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dc.contributor.advisorSheppard, Craig
dc.contributor.authorHarris, Amanda Kay
dc.date.accessioned2017-08-11T22:59:08Z
dc.date.available2017-08-11T22:59:08Z
dc.date.submitted2017-06
dc.identifier.otherHarris_washington_0250E_17411.pdf
dc.identifier.urihttp://hdl.handle.net/1773/40276
dc.descriptionThesis (D.M.A.)--University of Washington, 2017-06
dc.description.abstractSocial cognitive training for piano teachers in the United States is limited, forcing teachers to learn as they go. While some teachers develop the skills to become effective motivators, others struggle to learn these skills. By bridging the gap between social cognitive research on motivation and piano pedagogy, this document aims to show teachers how to utilize current research to benefit teachers and, by extension, their students. Major motivational concepts are investigated, including expectancy value, self-efficacy, attribution theory, and achievement goal theory. Intrinsic motivational theories of self-determination, flow, and personal or situational interest will be tied to piano pedagogy as well. This paper will give useful, hands-on applications for these theories for piano teachers, with a significant focus on teaching adolescents.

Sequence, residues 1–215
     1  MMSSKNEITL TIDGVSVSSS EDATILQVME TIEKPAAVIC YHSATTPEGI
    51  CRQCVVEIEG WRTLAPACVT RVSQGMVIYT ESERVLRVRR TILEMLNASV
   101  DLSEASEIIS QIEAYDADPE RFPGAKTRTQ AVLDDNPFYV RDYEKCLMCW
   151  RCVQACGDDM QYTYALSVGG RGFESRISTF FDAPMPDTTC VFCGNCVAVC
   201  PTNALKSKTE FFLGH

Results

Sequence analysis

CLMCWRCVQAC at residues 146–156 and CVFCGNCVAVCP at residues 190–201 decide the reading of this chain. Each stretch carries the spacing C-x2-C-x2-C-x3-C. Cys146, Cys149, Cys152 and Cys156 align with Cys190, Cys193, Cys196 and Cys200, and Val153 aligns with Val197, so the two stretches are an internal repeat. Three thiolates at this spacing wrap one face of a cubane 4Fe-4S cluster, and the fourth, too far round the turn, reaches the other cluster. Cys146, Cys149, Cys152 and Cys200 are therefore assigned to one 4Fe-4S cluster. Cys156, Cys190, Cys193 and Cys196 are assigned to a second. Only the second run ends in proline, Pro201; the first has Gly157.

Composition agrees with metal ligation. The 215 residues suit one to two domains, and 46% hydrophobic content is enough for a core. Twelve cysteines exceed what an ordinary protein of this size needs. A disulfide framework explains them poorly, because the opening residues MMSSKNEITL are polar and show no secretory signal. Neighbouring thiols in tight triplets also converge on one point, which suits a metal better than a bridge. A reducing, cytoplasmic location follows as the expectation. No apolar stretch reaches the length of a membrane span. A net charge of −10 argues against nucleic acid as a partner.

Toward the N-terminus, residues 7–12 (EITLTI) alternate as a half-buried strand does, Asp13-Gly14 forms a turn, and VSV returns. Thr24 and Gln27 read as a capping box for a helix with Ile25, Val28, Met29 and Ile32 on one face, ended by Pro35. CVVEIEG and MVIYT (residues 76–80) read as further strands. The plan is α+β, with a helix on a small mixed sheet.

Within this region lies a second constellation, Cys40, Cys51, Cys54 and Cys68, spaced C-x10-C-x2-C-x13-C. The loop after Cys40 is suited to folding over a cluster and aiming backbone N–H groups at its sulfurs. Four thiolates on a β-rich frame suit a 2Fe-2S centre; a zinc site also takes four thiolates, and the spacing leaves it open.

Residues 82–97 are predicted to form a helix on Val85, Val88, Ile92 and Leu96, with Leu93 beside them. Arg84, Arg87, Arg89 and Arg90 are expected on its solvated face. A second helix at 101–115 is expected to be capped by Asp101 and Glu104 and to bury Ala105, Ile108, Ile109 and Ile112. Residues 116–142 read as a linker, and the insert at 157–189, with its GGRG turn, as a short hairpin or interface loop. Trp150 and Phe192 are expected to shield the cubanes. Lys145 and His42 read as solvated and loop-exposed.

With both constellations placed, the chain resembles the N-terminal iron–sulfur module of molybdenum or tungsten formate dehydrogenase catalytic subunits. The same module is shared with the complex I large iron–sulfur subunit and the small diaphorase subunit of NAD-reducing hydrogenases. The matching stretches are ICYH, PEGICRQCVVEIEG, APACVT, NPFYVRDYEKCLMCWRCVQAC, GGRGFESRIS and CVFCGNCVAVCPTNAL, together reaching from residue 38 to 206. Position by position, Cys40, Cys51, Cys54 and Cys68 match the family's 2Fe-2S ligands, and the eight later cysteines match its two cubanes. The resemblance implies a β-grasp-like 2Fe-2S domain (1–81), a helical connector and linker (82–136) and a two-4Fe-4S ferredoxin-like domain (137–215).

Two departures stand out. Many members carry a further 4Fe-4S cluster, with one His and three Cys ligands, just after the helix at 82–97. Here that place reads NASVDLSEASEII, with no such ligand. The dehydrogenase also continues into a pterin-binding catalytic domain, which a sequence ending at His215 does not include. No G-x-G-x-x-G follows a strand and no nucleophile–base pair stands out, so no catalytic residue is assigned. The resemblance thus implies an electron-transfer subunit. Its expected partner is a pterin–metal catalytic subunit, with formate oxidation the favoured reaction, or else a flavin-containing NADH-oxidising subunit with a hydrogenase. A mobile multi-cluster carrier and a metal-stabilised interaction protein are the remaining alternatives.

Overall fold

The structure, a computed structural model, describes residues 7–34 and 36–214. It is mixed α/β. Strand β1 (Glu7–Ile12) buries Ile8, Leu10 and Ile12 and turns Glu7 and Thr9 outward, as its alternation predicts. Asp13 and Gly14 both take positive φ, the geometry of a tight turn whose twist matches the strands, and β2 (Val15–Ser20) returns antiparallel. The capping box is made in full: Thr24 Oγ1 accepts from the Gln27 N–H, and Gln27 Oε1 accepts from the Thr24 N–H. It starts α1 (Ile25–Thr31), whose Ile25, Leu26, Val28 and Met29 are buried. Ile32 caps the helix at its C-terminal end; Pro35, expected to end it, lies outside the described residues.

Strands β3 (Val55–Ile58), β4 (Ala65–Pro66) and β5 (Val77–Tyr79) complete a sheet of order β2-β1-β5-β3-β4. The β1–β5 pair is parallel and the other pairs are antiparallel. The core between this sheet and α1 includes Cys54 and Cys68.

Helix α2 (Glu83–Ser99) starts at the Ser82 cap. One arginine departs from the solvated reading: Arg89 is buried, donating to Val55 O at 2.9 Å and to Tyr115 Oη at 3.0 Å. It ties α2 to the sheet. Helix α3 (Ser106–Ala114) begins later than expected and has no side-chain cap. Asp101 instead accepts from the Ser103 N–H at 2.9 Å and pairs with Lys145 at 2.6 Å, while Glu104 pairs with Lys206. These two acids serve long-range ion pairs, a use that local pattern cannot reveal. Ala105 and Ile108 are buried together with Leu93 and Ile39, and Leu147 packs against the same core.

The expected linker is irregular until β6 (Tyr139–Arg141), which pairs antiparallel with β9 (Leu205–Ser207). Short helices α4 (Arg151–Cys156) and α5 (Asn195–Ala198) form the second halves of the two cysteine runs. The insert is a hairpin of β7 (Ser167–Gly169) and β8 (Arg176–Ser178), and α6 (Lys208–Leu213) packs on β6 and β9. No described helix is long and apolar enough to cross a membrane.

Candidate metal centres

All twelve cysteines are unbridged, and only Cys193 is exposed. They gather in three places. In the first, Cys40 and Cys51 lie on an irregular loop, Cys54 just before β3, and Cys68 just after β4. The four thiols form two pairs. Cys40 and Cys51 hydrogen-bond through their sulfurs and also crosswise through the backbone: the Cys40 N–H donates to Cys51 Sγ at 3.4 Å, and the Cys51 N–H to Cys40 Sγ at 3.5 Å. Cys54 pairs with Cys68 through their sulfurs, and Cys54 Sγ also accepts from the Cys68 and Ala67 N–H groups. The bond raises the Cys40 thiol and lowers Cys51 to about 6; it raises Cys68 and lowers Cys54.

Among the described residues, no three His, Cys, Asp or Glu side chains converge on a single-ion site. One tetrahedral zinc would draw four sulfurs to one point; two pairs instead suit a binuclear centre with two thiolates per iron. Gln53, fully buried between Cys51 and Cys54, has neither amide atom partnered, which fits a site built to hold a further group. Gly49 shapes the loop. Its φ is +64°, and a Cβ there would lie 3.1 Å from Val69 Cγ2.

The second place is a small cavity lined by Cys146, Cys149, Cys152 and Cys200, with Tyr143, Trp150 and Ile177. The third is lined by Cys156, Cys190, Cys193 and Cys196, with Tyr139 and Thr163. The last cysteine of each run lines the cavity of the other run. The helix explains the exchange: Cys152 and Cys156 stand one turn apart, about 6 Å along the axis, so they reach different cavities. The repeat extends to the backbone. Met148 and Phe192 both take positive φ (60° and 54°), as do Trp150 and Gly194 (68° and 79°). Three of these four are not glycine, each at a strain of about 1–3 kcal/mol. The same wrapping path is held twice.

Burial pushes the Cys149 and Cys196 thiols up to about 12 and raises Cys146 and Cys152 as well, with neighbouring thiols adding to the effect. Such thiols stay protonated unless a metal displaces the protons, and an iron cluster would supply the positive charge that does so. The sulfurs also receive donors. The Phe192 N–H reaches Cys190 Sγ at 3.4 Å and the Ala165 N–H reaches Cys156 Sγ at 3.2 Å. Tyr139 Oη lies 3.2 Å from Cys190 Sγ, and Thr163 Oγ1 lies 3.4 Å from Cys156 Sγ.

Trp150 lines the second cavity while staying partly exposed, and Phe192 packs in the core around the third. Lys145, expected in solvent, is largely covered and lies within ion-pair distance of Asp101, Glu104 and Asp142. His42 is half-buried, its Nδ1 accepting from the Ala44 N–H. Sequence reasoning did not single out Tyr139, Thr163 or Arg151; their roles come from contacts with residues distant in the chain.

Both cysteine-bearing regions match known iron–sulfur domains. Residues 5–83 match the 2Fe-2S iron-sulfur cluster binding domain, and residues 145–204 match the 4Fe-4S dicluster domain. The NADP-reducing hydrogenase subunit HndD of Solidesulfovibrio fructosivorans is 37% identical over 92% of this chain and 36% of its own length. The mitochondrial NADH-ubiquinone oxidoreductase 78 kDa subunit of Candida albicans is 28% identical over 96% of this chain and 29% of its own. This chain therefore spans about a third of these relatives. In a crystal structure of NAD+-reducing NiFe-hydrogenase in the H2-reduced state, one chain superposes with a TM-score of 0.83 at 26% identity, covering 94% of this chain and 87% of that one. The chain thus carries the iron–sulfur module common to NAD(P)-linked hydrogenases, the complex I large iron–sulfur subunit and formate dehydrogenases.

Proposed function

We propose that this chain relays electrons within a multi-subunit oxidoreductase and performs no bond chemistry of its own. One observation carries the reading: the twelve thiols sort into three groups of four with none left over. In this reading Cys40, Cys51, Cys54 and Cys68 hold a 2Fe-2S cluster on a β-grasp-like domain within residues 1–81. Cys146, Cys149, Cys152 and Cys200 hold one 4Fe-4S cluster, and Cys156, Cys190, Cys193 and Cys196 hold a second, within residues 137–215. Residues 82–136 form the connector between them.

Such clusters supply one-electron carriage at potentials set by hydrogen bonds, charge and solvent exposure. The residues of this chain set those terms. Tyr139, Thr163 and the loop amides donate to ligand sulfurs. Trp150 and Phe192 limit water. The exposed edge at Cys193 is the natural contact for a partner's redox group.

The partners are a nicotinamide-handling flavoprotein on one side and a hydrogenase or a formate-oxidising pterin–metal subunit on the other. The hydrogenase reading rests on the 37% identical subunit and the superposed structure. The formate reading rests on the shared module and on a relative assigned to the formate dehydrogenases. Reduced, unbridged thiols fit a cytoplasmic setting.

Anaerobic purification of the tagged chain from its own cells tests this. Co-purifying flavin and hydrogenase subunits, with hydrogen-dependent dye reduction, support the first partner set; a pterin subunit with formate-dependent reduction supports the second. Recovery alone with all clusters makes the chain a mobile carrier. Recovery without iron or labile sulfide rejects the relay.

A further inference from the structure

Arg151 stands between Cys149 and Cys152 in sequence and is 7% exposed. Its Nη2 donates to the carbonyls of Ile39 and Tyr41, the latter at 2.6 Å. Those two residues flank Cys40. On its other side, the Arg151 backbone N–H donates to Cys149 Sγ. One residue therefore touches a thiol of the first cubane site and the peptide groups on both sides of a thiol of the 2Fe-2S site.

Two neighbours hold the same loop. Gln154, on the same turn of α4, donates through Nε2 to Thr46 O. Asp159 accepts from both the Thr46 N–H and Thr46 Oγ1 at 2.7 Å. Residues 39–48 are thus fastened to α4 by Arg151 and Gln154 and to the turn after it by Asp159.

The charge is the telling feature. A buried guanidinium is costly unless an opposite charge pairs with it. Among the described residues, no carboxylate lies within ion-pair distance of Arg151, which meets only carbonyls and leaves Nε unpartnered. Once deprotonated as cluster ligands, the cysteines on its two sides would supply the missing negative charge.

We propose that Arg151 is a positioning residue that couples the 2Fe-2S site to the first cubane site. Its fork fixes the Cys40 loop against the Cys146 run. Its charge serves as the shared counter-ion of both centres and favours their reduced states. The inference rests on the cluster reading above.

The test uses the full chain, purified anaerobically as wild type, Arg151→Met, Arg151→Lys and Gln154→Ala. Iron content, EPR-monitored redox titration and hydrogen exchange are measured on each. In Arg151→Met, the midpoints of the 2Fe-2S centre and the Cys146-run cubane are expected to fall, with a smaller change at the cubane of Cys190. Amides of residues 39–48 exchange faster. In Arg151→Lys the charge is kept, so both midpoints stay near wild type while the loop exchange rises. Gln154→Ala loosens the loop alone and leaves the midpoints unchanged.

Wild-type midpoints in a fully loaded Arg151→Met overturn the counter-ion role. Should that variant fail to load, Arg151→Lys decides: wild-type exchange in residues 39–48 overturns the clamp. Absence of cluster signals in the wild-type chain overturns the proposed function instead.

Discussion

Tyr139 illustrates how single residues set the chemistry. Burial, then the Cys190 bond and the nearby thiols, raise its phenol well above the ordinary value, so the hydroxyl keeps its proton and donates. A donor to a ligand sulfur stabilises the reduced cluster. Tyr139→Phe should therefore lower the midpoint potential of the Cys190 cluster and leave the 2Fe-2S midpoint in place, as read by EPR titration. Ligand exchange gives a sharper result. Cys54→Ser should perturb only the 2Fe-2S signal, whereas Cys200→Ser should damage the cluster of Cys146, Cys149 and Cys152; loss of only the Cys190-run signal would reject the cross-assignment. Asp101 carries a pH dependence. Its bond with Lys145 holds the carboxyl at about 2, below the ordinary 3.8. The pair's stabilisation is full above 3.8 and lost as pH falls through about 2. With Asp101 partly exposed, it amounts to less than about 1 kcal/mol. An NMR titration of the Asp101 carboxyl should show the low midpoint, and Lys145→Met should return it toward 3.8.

dc.format.mimetypeapplication/pdf
dc.language.isoen_US
dc.rightsnone
dc.subjectMotivation
dc.subjectPiano
dc.subjectPiano pedagogy
dc.subjectMusic education
dc.subjectPedagogy
dc.subject.otherMusic
dc.titleMotivation in Private Piano Instruction for Adolescents: A Social-Cognitive Analysis of Piano Pedagogy
dc.typeThesis
dc.embargo.termsOpen Access


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